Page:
For everyone else, Apple has been offering cheaper phones than ever, starting at just $430 and going up in increments of $100. So, as Androids have become more expensive and entry-level iPhones have become cheaper, pricing has become a non-factor when choosing between iPhone and Android especially when you throw in carrier deals that largely favor iPhones. 

But it’s not just pricing that Android has lost out on, they’ve also lost out on performance. A lot of Android phones still have better batteries and better processors and more RAM and all of that stuff but this no longer translates into real world performance. 


You see, Apple has gotten extremely good at optimizing their software to work in synergy with their hardware. So, even though they still often have worse specs on paper, they end up having better performance and battery life. Take the Samsung Galaxy S23 and the iPhone 14 Pro Max for example. 

On Geekbench, the S23 Ultra comes in at 1877 and 4968 ultra while the 14 Pro Max comes in at 2516 and 6351. In fact, the top 20 scoring mobile devices all come from Apple, but honestly, this is completely irrelevant because in 2023, performance itself is irrelevant. 

And that’s not to say that people don’t care about performance but rather that all reputable smartphones are more than capable. So, performance has also become a non factor which brings us into the last hero factor for Android which was customizability. 

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To be blunt, Android’s customizability has fallen off a cliff. They’ve very much taken the Apple approach when it comes to customizing the hardware. You can no longer switch batteries, upgrade storage, or even plug in headphones. 

Even getting a charging brick is an anomaly nowadays. These Android phonemakers think that this makes them more premium and more like Apple, but really it just makes them less appealing. As for the software side of things, Android is indeed still customizable but so is the iPhone. 

After resisting for years, Apple has finally caved in and given users customization options whether that’s dark mode, widgets, different fonts or whatever else. This has not only completely eliminated the need for jailbreak but also the last remaining advantage of Android. But honestly, while these factors offer a logical explanation for the downfall of Android, I think there’s also a more qualitative explanation at play. 


As you can see, Android has inarguably lost much of its distinguishing appeal over the past decade, but I think there’s more to this trend than just objective reasoning. The X factor that we have yet to discuss is the rising importance of smartphones.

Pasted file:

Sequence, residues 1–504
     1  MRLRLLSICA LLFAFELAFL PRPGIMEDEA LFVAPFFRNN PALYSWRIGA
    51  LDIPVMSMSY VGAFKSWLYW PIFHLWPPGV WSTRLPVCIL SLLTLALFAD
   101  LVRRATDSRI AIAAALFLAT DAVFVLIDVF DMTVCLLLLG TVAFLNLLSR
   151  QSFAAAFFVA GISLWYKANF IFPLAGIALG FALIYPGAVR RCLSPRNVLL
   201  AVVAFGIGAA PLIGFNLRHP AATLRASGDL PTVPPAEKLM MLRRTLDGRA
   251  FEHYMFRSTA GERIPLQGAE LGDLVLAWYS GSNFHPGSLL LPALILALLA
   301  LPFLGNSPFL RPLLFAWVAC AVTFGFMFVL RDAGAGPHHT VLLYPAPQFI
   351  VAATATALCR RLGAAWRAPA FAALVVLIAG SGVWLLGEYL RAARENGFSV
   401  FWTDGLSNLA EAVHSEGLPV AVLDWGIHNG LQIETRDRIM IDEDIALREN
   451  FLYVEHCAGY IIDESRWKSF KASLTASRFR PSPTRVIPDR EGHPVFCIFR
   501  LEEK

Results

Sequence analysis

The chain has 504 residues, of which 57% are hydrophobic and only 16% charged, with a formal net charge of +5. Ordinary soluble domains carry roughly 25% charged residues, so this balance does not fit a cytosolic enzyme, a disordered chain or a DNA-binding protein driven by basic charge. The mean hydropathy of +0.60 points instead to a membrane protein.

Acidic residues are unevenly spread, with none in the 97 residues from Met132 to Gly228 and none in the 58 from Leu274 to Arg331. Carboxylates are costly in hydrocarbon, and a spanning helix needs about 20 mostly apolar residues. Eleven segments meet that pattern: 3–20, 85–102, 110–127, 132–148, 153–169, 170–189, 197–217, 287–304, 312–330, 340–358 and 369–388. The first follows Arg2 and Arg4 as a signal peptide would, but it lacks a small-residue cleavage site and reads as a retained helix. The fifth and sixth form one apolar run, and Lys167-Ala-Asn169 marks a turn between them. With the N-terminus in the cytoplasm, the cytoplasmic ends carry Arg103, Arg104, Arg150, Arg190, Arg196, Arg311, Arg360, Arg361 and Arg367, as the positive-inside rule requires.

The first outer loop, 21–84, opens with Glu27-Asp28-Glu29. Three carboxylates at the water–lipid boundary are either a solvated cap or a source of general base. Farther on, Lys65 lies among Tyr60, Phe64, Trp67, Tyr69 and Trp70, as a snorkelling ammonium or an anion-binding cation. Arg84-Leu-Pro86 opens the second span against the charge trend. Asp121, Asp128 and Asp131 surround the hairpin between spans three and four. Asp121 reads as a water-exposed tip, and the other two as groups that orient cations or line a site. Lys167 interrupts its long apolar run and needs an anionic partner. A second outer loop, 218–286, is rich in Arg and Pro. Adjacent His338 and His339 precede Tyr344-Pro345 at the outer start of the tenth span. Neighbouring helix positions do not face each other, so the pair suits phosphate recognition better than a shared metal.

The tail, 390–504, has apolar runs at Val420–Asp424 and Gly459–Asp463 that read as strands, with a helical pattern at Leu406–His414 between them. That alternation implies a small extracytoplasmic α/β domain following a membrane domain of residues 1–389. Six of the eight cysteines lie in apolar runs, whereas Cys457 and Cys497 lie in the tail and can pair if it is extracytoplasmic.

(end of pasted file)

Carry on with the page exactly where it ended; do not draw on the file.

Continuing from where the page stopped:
Back in the early 2010s, smartphones were the new tool. It helps you reply to emails, surf the web and chat more conveniently than ever. Most were looking for the cheapest and most practical way to accomplish these tasks and this set the context for their purchasing decision. 

They weren’t as concerned about small bugs or having the perfect UI or the smartphone experience or all of these other factors that Apple focused on. These were seen as nice to haves or luxuries but by no means necessities and as such, the majority went with Android. But the role of smartphones within society has largely transformed over the past 10 years. 

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Smartphones are no longer a tool, they are a necessity to engage with the modern society and economy. As such, people are more willing to invest in a nice smartphone instead of trying to get the cheapest one on the market. Moreover, people value the experience part of it more than ever. They enjoy how seamless iMessage, Facetime, and now even phone calls are on the iPhone. 

They appreciate that all of their favorite apps are natively built for the iPhone even if they don’t know that’s why iPhone apps feel better. They love the synergy between their smartphones and all of their other Apple tech gadgets. 

And most importantly, they value fitting in with their friends and family. Combine this with the fact that Androids are now just as expensive, lost their performance lead, and come along with the same shortfalls as Apple, and there’s really no reason not to switch to iPhone. 

And looking forward, this trend will only amplify as younger generations value these characteristics more than ever. And that’s why everyone is ditching Android. I would also argue that the modern tech economy is destroying the middle class. Check out this video to learn more.